Markets lose enthusiasm for Jackson Hole as new risk factors capture market imagination
The markets are calm, if a little lower, as we wait for the much-anticipated Jackson Hole symposium, which is now all-virtual due to the US’s surging Delta variant Covid infections. The question now is, can stocks continue to rise post-Jackson Hole, in line with Treasury yields? The 10-year US Treasury yield jumped 6 basis on Wednesday, the 1-year yield was up slightly at 0.07% and the 2-year yield, which is most sensitive to the short-term changes in Fed policy, is roughly stable at 0.23%. Thus, as we move towards Fed chairman Jerome Powell’s speech, the market appears to be pricing in little near term change, however, he may stress that the bitter pill of monetary tightening will be coming down the line.
Why the Fed won’t rock the boat
Unless we get a major shock from the Fed governor at the end of this week, it is hard to see how his words will lead to a bout of volatility and stocks careering lower. It’s worth remembering that an unwritten rule for the Federal Reserve and other major central banks is to maintain the status quo. That is why a 6 bp jump in 10-year Treasury yields on Wednesday only triggered a small decline in European stocks in the morning session in Europe. Investors are waiting for Jerome Powell to set the tone for autumnal markets, but as we mentioned above, this isn’t what most central bankers want to do.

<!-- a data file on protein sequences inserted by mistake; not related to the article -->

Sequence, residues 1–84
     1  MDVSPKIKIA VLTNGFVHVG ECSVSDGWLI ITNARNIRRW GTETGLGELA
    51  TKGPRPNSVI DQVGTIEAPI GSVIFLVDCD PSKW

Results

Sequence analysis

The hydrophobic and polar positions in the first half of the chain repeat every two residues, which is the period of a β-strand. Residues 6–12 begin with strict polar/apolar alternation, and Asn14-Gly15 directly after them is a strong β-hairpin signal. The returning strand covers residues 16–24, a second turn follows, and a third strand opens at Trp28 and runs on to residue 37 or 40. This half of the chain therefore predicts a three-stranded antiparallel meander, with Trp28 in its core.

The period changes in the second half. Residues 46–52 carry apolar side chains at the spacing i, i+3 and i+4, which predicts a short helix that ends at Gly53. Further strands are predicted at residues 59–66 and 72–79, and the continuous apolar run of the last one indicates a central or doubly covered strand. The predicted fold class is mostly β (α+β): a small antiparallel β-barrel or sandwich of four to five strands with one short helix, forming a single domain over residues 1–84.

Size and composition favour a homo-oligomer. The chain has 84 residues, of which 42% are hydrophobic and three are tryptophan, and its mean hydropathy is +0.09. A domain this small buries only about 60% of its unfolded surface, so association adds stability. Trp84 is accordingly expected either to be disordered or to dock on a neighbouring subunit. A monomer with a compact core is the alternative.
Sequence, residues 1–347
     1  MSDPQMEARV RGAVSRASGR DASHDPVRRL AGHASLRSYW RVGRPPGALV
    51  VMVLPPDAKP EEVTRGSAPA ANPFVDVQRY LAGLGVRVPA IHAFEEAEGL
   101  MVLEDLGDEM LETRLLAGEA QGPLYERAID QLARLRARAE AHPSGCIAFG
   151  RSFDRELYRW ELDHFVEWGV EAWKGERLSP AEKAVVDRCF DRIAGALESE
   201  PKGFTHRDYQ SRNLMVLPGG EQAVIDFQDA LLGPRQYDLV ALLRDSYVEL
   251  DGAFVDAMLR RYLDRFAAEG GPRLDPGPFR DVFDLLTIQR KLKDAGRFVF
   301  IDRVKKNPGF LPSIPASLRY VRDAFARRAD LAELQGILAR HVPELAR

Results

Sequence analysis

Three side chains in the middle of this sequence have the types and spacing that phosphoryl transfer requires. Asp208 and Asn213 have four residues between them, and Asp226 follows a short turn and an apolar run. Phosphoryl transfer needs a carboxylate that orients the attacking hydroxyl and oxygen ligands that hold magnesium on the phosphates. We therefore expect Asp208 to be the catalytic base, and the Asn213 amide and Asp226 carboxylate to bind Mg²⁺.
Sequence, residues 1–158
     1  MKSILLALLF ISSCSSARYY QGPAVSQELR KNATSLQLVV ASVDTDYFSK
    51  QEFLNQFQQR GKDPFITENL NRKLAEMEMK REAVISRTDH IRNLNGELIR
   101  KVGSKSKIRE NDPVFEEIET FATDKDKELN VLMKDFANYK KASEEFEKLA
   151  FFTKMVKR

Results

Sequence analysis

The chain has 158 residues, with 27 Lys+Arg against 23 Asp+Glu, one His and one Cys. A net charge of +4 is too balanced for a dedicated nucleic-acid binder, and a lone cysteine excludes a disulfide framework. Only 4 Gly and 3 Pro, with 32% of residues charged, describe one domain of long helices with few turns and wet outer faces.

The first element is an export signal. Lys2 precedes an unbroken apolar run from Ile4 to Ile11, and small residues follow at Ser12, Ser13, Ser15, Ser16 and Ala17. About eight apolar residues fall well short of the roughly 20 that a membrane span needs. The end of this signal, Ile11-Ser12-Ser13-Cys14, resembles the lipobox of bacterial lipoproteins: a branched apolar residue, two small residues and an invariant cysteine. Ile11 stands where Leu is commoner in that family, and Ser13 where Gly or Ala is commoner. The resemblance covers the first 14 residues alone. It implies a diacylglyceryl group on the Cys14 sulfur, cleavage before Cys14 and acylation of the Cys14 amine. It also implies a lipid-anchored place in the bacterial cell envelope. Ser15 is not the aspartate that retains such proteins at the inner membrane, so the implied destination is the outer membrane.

Due to the backdrop of rising Covid infections in the US and around the world, the prospect of vaccine immunity waning just as the West waits for the winter months, Powell and co. will have had a good meeting if they can say their piece without leaving too much of an imprint on financial markets. The markets are rapidly losing enthusiasm for his speech, as the latest news on rising Covid cases makes it likely that Powell does not divert too far from the minutes of the July FOMC meeting: tightening is coming, but not until next year, and not until coronavirus is under control.
Why corporate America could end the Covid pandemic
Instead, the market is looking at the next red flag for risk assets – the August NFP report, which is released on Friday 3rd September. This will be a key report due to the rising Covid infection rate in the US, especially in the Southern States, and the impact this could have on economic growth. So far there hasn’t been state-wide lockdowns to control the spread of infections, and instead the focus has been on how quick state and Federal governments can marshal booster vaccines and persuade the unvaccinated population in the US to get a vaccine. Interestingly, some employers in the US and elsewhere are mandating vaccinations for employees or they are doing what Delta, the airline, has announced and are charging workers who are unvaccinated for extra health insurance. Employers are taking Covid safety into their own hands, which should have a knock-on effect for risky assets. If employers are helping to prevent the spread of Covid by mandating vaccinations, then it could reduce the likelihood of future economic lockdowns and help the global economy learn to live with Covid.